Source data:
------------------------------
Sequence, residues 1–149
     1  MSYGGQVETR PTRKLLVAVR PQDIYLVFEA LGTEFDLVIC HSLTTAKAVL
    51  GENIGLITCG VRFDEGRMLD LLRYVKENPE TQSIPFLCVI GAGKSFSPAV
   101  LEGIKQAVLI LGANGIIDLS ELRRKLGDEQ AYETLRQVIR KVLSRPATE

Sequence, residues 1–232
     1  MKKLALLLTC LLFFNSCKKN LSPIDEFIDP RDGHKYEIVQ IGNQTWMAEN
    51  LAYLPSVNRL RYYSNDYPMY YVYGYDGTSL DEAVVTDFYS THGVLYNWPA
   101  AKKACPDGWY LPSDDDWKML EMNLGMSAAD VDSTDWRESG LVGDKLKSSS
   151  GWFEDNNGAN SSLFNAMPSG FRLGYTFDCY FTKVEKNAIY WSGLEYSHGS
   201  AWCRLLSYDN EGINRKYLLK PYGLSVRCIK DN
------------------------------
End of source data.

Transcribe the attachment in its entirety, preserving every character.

Sequence, residues 1–149
     1  MSYGGQVETR PTRKLLVAVR PQDIYLVFEA LGTEFDLVIC HSLTTAKAVL
    51  GENIGLITCG VRFDEGRMLD LLRYVKENPE TQSIPFLCVI GAGKSFSPAV
   101  LEGIKQAVLI LGANGIIDLS ELRRKLGDEQ AYETLRQVIR KVLSRPATE

Sequence, residues 1–232
     1  MKKLALLLTC LLFFNSCKKN LSPIDEFIDP RDGHKYEIVQ IGNQTWMAEN
    51  LAYLPSVNRL RYYSNDYPMY YVYGYDGTSL DEAVVTDFYS THGVLYNWPA
   101  AKKACPDGWY LPSDDDWKML EMNLGMSAAD VDSTDWRESG LVGDKLKSSS
   151  GWFEDNNGAN SSLFNAMPSG FRLGYTFDCY FTKVEKNAIY WSGLEYSHGS
   201  AWCRLLSYDN EGINRKYLLK PYGLSVRCIK DN